Abdul-Hamid on Friday called for an “imminent referendum” on the constitution as the solution to resolve the current crisis rather than “imprisoning”, “killing” and “beating up” people. Under Iran’s constitution, the country is governed by a Shia leader.

“This nation has been in the field [protesting] for about 50 days now. You cannot push them back because they have seen blood and their dear ones have been killed,” he told Sunni Muslim worshipers at Friday prayer. “Those who drafted this Constitution…were another generation. Today, there is a new generation…it’s a different world.” Abdul-Hamid has previously called for religious “freedom” and an end to “ethnic discrimination” in the country.

Brigadier General Ahmad Shafaei, a Revolutionary Guards commander based in the province, said Iran’s enemies had targeted Zahedan as the first city to “fall” but that the elite force had foiled their efforts.

The guards have long boasted that they have maintained security in Iran despite turbulence elsewhere in the region. But adding to the sense of insecurity, a Sunni man affiliated to terror group Isis attacked a holy Shia site in the southern city of Shiraz last week, killing 13 pilgrims, according to domestic media.

Kurdish activists say their demands are no different from those of other protesters who have called for the regime in Tehran to be replaced by a secular, modern government.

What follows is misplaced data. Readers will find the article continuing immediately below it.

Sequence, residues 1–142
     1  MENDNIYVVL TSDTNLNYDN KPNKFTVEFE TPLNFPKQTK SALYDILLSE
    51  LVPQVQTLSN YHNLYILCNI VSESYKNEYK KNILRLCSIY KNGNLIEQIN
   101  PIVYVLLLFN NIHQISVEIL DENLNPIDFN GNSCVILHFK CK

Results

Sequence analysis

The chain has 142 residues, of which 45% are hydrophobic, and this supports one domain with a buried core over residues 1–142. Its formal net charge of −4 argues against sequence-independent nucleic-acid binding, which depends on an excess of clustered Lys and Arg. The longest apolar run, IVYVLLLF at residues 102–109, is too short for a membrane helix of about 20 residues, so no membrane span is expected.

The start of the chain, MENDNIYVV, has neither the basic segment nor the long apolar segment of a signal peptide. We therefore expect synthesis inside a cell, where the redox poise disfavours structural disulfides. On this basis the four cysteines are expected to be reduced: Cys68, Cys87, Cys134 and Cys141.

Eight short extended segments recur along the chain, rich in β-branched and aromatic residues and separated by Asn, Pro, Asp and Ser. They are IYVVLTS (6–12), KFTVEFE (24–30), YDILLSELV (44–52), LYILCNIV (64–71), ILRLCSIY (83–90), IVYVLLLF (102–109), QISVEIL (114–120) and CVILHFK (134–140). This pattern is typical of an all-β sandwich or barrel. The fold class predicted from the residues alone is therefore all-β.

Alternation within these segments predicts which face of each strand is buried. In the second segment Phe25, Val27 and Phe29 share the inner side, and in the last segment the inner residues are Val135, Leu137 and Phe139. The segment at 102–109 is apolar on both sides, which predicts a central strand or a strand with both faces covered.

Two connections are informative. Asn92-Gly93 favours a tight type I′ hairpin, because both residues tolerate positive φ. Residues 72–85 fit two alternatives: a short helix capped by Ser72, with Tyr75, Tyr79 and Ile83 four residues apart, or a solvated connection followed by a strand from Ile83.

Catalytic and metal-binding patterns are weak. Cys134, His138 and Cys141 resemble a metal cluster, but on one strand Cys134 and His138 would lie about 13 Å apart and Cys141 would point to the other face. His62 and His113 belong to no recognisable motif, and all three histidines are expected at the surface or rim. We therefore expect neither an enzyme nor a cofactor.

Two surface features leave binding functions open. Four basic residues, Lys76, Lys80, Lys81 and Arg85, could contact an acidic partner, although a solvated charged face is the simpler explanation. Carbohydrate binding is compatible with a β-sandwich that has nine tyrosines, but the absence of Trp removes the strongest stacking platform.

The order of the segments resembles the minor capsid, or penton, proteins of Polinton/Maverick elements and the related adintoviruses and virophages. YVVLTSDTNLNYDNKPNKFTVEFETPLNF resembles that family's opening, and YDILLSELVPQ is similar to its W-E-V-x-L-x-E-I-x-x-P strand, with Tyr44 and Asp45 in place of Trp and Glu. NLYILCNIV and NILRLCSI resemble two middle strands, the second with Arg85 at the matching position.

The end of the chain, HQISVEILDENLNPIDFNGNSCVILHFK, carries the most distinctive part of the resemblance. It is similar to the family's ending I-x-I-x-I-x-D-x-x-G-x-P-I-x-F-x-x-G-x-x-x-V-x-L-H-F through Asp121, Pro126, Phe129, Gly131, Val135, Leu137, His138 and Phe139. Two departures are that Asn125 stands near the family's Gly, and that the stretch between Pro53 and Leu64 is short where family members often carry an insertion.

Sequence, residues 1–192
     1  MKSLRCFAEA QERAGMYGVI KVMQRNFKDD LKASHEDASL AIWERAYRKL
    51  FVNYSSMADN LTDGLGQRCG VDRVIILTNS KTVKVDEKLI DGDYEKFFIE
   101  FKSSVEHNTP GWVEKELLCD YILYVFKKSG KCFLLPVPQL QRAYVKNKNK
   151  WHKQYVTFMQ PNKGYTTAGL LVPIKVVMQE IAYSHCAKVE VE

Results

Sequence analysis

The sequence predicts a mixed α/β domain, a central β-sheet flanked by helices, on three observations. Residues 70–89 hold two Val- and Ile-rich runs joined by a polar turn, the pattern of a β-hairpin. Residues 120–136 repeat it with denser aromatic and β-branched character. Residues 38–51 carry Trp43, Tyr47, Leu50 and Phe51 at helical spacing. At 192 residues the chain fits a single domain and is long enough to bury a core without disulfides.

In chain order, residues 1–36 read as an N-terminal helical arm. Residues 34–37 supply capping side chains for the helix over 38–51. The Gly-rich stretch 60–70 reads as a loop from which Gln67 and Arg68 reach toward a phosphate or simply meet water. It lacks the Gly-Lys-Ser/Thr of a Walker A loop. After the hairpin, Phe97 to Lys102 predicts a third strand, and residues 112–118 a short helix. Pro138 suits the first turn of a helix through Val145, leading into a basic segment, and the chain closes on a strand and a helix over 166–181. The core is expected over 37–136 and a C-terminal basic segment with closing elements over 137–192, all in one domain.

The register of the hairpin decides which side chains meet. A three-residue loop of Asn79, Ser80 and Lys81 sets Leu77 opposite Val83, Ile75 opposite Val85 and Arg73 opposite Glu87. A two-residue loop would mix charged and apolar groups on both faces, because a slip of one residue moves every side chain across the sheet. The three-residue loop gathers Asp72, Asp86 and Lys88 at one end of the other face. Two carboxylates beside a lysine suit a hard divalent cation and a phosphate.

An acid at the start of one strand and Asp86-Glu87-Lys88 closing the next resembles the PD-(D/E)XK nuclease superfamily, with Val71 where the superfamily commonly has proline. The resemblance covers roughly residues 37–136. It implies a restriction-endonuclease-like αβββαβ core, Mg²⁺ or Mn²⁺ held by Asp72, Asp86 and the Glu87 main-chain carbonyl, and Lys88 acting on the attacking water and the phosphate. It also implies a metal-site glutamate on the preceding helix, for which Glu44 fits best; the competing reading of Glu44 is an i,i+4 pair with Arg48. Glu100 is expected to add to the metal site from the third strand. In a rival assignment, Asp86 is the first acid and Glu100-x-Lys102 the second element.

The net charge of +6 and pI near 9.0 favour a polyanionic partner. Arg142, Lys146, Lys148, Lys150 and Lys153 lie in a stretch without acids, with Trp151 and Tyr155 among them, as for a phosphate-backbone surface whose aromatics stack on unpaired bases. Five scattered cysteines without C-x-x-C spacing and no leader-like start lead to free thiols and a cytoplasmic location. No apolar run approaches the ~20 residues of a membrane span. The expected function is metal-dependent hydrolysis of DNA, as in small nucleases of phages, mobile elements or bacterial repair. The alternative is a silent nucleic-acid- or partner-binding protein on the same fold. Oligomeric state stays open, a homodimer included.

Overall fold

It was Kurds, they say, who introduced the “Woman, Life, Freedom” slogan at Amini’s funeral. It has since become a manifesto for protesters in Iran and gained global attention. Protesters have shown solidarity with minorities, chanting slogans such as “From Kurdistan to Tehran, my life for Iran”.

Ethnic minority areas are among the poorest in the country and have some of the highest jobless rates. Unemployment is 11.4 per cent in Sistan-Baluchestan and 10.2 per cent in Kurdistan, compared with an average of 8.9 per cent across Iran’s 31 provinces.

While many families in Sistan-Baluchestan survive by smuggling fuel into Afghanistan, tens of thousands of young men in Kurdistan work as low-paid cross-border labourers, called kolbars. They cross rugged mountains carrying goods on their backs, including large items such as refrigerators, from the Iraqi border into Iran. Some have died at the hands of Iranian border guards, stirring anger among Kurds.

“The issue of kolbars keeps Kurds’ demands alive on a daily basis,” said the Kurdish activist.

By focusing on the separatist threat, say protesters, the regime is ignoring its own failures. “Kurdistan is not into separatist movements. Officials should be asked what they have done for Kurdistan,” the activist said. “Kurdish youth are highly educated . . . but see no bright future and have no way into senior jobs in government. Such people . . . don’t want to live in exile or in the mountains.

“Iran’s Kurdistan is not strong enough to determine the future of the protests,” the activist added. “But it was the first to start and perhaps will be the last to end them.”